How to write a job description that attracts top-tier talent
Job descriptions are our daily reading at Bradsby Group. We’ve seen remarkable job descriptions, but we’ve also seen many that are bland. In the search for highly qualified candidates, your job description needs to stand out as much as the person you want to hire. Great job descriptions set the stage for great candidates. Here’s how to write a job description that attracts top-tier talent.
The many purposes of a job description
Before we go further, some clarification: Job descriptions serve two purposes.
- They can be available externally to potential employees as part of job listings.
- They are also internal documents essential to guiding and evaluating job performance.
Your company might have an internal version for management and an external version for hiring. What we’re talking about here in the blog post is the external version that is used to attract candidates to join your team.
How to write a job description: the components
The standard job description components are well known. They include the job title, its duties, work experience and educational requirements, necessary skills, other optimal skills, temperament sought, and parameters of the job such as required hours, and in some cases, physical requirements of the job.
Make sure you’re within the law
Care must be taken to ensure that job descriptions adhere to employment law, of course. For instance, how do any physical requirements of the job, such as ability to lift or stand, square with the Americans with Disabilities Act (ADA)? The language chosen can have legal ramifications. HR specialists will be your best guides to ensure compliance.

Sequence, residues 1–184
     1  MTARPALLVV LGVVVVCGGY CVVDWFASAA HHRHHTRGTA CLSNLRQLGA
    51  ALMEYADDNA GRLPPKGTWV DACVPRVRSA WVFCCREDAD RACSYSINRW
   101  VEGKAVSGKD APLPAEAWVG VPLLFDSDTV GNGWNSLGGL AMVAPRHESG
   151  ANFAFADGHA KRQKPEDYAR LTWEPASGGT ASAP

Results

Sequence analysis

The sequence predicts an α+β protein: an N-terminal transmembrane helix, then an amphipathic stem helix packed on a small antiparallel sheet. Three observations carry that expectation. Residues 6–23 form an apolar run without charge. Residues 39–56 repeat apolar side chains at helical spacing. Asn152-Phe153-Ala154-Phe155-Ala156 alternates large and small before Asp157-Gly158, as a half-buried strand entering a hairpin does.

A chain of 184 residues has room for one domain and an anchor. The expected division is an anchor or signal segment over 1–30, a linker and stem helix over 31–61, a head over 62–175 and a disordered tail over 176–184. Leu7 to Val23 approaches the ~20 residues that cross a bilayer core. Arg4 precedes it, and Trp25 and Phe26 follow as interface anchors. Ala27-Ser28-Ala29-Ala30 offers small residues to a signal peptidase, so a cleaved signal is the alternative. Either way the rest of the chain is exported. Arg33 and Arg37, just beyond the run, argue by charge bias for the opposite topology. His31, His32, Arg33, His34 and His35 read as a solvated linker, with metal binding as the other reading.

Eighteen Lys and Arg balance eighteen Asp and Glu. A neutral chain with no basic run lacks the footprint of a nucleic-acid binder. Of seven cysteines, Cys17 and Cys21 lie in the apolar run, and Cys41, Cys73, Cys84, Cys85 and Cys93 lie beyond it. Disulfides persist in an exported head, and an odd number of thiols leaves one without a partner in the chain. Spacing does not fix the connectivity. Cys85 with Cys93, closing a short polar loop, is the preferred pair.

Should a job description include salary information? Maybe, maybe not. We work with our clients to determine whether strategically it is most beneficial for them to share salary information or not in this initial stage of their candidate search.
Presentation counts for a lot
We encourage you to step back and examine the look and feel of your job description, too. How you present it is as important as the information you are conveying. The current employment market is highly competitive. Skilled candidates have lots of options. Just as they make an effort to rise above the rest of the field, your organization needs to do the same. If your job description is bland and doesn’t engage potential candidates, they’ll move on to read someone else’s.
Here are some simple tips to improve your job descriptions, as highlighted in an article by Kate Reilly for LinkedIn Talent Blog:
- White space is your friend. Blocks of gray words discourage people from reading it. Everyone scans these days. Help them focus by using white space to frame smaller, distinct blocks with headers that guide them where to look next.
- Short is better than long. Write short sentences. Make short lists. Bullet points help, but they only go so far. Too many, and it’s just another block to scroll through, losing specificity. Don’t feel like you must delineate every characteristic of your ideal candidate. What are the key traits you’re looking for that will contribute success to your team? Four or five should be enough.
- Use a conversational tone. Read your description aloud. If it doesn’t sound like how you would talk to a real person, rewrite it. Ditch as much business jargon as you can. For instance, consider saying something like “What you’ll do” instead of “job responsibilities.” Instead of “detail oriented and a commitment to excellence,” Say, “you pay attention to every detail and don’t rest until it’s the best it can be.” Yes, that sentence uses more words, but it’s the way people talk. And don’t be afraid to say “you” instead of the disembodied “ideal candidate.”
- Don’t repeat all your company info. Send them to your website instead. They’re going to look you up anyway.
- But what about your company sets you apart? Do include that. Even if your web copy makes it clear, and hopefully it does, we recommend putting a sentence or two at the beginning of the job description to convey why people love working for you. Whether the document is being used during hiring or in ongoing employee evaluations, such a statement brands you to your team to remind everyone of shared values and goals.
Need help with how to write a job description?
Would you like some feedback on the job description for an open position in your organization? We would be happy to take a look at it to make sure it will perform optimally to engage the quality of candidates you are seeking. We welcome your call or email.